The biodiversity of the 35 or so animal species that have been domesticated
for use in agriculture and food production is the primary biological capital for livestock development
and is vital to food security and sustainable rural development. Many indigenous breeds, some of which
are threatened with extinction, have characteristics such as resilience to climatic stress and resistance to
diseases and parasites, which make them well adapted to local conditions, and which are of great potential
importance to future livestock production.
Recent years have seen substantial erosion of domestic animal diversity – a trend that is likely to accelerate with the rapid changes currently affecting the livestock sector.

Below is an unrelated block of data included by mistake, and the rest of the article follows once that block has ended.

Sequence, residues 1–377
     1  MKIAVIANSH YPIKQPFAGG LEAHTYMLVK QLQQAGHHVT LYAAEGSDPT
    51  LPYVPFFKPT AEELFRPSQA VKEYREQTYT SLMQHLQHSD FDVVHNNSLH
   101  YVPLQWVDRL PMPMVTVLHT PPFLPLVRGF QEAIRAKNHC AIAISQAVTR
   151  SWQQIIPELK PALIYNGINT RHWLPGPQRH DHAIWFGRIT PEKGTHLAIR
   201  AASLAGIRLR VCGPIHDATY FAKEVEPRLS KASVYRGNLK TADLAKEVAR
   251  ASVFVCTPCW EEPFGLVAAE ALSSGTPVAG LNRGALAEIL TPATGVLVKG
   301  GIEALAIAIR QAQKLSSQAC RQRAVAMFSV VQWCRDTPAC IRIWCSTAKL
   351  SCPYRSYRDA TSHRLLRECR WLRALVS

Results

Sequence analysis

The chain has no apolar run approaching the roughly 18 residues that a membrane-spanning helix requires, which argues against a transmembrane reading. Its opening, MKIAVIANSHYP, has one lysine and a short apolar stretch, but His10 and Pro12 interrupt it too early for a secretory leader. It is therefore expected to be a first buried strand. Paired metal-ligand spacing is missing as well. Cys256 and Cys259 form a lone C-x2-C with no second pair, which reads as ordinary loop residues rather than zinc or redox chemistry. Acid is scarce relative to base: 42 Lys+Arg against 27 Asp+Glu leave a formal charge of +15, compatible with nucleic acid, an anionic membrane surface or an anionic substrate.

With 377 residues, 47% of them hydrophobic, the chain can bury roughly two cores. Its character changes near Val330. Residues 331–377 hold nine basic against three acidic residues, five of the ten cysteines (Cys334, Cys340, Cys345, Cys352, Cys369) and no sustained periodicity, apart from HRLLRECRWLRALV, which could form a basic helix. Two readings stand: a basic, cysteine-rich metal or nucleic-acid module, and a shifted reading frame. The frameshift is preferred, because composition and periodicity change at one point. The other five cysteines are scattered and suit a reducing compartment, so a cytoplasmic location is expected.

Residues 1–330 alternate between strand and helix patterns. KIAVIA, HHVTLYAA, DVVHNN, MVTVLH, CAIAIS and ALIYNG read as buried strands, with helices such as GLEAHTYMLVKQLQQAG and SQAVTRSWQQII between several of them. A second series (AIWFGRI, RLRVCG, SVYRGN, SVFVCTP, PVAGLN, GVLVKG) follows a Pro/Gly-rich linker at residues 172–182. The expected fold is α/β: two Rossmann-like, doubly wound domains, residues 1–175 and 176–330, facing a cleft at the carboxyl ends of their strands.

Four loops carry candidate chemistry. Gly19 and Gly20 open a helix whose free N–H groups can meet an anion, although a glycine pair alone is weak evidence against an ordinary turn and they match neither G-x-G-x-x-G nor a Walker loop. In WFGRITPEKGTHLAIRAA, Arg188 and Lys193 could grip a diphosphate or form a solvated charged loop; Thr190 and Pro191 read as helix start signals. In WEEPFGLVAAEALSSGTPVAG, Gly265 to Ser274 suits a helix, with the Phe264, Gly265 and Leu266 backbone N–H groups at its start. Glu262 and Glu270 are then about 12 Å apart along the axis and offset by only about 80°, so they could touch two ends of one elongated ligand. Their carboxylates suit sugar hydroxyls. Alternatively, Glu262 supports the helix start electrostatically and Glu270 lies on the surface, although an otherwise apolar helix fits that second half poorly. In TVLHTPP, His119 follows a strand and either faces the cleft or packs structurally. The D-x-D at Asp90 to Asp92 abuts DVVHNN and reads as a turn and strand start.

Yet this resource is often neglected and poorly managed. Recent years have seen substantial erosion of
domestic animal diversity – a trend that is likely to accelerate with the rapid changes currently affecting
the livestock sector. The FAO State of Food and Agriculture 2009: Livestock in the balance (2010) provides
a comprehensive assessment of current trends and anticipated developments in the livestock sector.
Livestock development in the twentieth century concentrated on a very small number of breeds worldwide,
frequently without due consideration to the way in which production environments affect animals’ ability to survive,
produce and reproduce.
According to The State of the World’s Animal Genetic Resources for Food and Agriculture (2007), 20 percent
of documented livestock breeds are at risk of extinction: 1500 of the 7600 breeds around the globe may be lost forever in the near future.